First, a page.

Hard to believe that my new hip is already 5 months old. Even harder to believe, with the new hip, that I ever had a problem in the first place.
Funny how time can alter what you remember about "what was". Meaning, I just reread my last blog entry, written right before Ironman Wisconsin last September and about three weeks before my surgery. I had "forgotten" how bad my limp was; how I had to calculate my every step and move; how hard I had to think about walking around the lake or down the block or from my car to the office.
Now? Try to stop me.
I was very fortunate to have a pretty easy recovery. I was in and out of the hospital within three days; off pain meds by the 5th day; walking around the block using a walker, then a cane, and finally by my big girl self unaided within a couple of weeks. Riding a stationary bike was a very welcome part of my physical therapy, as was strength training. I got back on the golf course in December, playing the course at Arizona State University with Warren. It was the first time all year that I could walk the whole course again. Joy. Swimming started at the 12 week post-surgery mark. Getting back in the water felt fantastic.
All these milestones: golfing, strength training, spinning, swimming, WALKING were critical to me in that they each represented a move back to things being "normal". Hallelujah for normal.
Which brings us (me) back to triathlon. For years now, normal has meant that I participate in triathlons. Hip replacement doesn't mean the end to this. Instead, it just means some adjustments. Speed walking instead of running (maybe moving to a run/walk rhythm by the end of this year...); shorter distances rather than Ironman distance (unless its a relay, or maybe by performing some other magic trick...). But I'm still at 'em, starting with two of my favorite indoor venues: Tri U Mah and the YWCA Indoor Tri.
For newbies out there, indoor tris are a very easy and non-threatening way to "tri" our sport. No scary lake to swim in; no potholes on the road; no hills on the run. The only real equipment you need is a swim cap (unless the race provides it); a pair of goggles, your race outfit and shoes. No fancy (or not-so-fancy) bike required; no "one day USAT membership" fee to pay. Basically, you swim in a pool; ride a spin bike and run on a treadmill or a track. That's it. And after you're done, you are a triathlete (and can eat pretty much whatever you want for the rest of the day. BONUS).
I started my triathlon love affair in 2005 by doing Tri U Mah. I've done it every year since then. If I could do it then, as a middle aged, chubby, triathlete wannabe, and if I can do it now, an ever more middle aged, less chubby "hipster", so can you.
Tri U Mah is held at the University of Minnesota Rec Center in February and consists of 30 minutes each of swim/bike and run. Everyone gets 10 minutes of transition between the swim and the bike and then 5 minute of transition between bike and run. Winners are determined by the total distance covered during the race. Swag for the event is usually pretty nice, although the tee shirt this year was cotton, not technical.
I was a bit nervous going in to the race, as it would be the first time stringing the three disciplines together since surgery. I did just fine. The swim went well; the water feeling smooth and velvety around me. I played with my paces a bit on the bike, pushing it just enough but not killing myself. The run for me was really a speed walk, with me trying to just concentrate on doing the best I could, without feeling too jealous of my friends who could actually run the run.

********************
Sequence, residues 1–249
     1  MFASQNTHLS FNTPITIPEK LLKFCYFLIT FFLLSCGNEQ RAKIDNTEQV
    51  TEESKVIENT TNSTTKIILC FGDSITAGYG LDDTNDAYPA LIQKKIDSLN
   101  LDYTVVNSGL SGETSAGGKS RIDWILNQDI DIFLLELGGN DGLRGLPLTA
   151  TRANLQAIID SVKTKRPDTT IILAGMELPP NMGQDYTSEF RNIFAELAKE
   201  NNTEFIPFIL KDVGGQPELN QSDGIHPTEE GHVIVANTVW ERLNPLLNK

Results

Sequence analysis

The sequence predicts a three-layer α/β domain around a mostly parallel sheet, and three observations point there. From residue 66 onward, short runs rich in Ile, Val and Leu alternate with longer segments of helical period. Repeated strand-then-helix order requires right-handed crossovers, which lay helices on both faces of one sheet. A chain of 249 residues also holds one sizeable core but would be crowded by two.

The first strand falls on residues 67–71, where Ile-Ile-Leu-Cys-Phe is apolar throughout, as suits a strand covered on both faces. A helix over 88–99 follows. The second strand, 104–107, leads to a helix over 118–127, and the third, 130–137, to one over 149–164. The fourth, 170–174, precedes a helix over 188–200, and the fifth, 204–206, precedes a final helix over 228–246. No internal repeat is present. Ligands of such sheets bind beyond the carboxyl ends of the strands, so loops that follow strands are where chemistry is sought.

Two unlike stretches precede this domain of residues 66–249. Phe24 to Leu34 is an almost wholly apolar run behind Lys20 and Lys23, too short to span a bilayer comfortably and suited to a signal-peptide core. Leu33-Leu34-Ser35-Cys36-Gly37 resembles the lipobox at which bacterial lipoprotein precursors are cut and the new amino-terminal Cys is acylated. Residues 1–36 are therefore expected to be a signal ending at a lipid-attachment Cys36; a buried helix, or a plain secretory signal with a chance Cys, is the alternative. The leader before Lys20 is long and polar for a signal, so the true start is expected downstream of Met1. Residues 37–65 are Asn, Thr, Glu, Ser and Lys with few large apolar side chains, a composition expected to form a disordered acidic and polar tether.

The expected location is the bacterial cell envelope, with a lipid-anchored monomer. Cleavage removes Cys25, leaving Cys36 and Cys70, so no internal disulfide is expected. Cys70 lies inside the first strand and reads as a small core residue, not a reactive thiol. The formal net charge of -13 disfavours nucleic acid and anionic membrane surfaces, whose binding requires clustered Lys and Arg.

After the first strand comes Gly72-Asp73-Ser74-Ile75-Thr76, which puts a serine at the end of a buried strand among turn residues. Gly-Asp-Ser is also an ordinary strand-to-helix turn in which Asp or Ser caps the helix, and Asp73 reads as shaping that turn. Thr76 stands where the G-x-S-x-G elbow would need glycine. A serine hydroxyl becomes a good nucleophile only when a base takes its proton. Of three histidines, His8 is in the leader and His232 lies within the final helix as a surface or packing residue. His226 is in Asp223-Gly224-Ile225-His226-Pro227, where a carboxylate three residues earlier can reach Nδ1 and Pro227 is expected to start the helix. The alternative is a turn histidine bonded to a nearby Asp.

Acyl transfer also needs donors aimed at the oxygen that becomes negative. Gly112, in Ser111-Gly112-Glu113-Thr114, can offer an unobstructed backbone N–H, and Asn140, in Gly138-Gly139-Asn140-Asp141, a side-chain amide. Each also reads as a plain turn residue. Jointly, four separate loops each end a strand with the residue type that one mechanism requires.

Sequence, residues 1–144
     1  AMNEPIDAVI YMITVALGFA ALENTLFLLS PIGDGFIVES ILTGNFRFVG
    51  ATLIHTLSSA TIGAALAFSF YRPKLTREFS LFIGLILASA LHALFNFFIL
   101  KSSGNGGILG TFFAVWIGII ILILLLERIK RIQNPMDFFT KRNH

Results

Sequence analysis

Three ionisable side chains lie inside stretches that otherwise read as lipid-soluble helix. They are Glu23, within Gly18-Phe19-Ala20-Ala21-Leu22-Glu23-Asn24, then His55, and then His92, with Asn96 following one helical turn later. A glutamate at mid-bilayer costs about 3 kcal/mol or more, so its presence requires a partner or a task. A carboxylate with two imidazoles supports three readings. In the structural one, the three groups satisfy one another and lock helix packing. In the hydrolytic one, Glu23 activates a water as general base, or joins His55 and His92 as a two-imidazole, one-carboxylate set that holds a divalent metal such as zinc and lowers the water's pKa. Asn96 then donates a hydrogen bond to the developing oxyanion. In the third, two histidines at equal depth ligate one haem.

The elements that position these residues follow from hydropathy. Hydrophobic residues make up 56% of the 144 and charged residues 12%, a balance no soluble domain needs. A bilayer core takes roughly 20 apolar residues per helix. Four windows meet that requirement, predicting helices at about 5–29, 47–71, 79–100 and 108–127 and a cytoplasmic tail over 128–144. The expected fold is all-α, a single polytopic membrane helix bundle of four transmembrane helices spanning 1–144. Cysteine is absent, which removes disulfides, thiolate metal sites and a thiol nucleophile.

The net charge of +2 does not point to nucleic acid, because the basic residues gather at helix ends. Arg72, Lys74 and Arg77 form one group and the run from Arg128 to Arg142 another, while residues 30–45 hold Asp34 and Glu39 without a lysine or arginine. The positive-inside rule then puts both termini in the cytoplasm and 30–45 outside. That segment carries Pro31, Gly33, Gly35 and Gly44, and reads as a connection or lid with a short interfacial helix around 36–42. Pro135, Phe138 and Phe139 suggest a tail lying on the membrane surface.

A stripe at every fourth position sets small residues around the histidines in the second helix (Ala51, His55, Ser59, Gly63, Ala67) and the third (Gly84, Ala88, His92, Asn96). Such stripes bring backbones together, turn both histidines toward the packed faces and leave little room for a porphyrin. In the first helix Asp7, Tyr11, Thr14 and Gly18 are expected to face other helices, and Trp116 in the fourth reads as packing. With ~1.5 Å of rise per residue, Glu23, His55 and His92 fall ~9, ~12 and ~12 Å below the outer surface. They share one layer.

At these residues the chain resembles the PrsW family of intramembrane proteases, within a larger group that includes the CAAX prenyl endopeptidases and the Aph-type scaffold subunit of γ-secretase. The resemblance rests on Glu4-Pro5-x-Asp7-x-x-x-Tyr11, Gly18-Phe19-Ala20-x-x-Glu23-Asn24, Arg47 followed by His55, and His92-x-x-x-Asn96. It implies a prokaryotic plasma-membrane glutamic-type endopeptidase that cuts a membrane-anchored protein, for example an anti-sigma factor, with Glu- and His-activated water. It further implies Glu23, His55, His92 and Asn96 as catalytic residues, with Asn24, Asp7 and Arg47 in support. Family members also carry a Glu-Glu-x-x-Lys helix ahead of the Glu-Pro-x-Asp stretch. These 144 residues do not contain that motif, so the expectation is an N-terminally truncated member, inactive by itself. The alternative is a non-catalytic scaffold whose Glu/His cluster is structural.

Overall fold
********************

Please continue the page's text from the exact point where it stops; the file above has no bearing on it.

I ended up with my fourth best distance covered for the race since I started doing it. Not so bad for a girl who is part titanium.
The Y tri was yesterday. There are actually four indoor tris scheduled during the winter months, just enough to keep you interested and to measure your improvements over the offseason. The last one for 2017 is slated for April.
The Y tri distance works similarly to outdoor tris. You select the distance you want to race. I picked the sprint: 500 yards in the pool, sharing a lane; 10 miles on a spin bike and then a 2 mile run on a track. They also offer "long" distance (600 s/12 b/ 3 r) or "mini" (400 s/ 8 b/ 1 r).
The volunteers are always GREAT, the swag is always nice, and if you race more than one event in the series, you get different swag for each event. I only could schedule one event this year, but got a very nice technical shirt. Best of all, among the food they offer racers, volunteers and spectators, there is a nice, warm party-sized thermos filled with coffee. (Always thinking, those Organizers....)
I shared my swim lane with a man named Ken, who was doing the mini distance. We exchanged the usual pleasantries before the race started.
Took me a very average time to get through my 500 yards, but was very pleased to see that only two other women were out of the water before me. Struggled (as per usual) to get my socks on and my bike shoes (HATE not wearing socks, even though it S L O W S my T1 time down in a big way). But got on the bike fairly quickly. Happily pedaled along listening to loud, upbeat music and watching the runners from the heat before mine run the track. Eventually, hit the 10 mile mark, made a fast transition out of the bike shoes and in to my running shoes and started my fast-cadence, arm-swingin', hope-I-don't-look-too-much-like-an-idiot speed walk around the track.
At one point my buddy, Ken, caught around me along the track. We had been cheering each other along on the bike and could now chat a bit. He was slowly jogging as I walked as fast as I could. I told him that I had just had my hip replaced and he said "ME TOO, four years ago". I said "And you're still doing triathlon! That is cool!"
Here is how I knew we were kindred spirits: he replied, "Yea, I am, because it makes me feel normal". Rock on, Ken.
He finished; I finished. And just like that, my 2017 season began.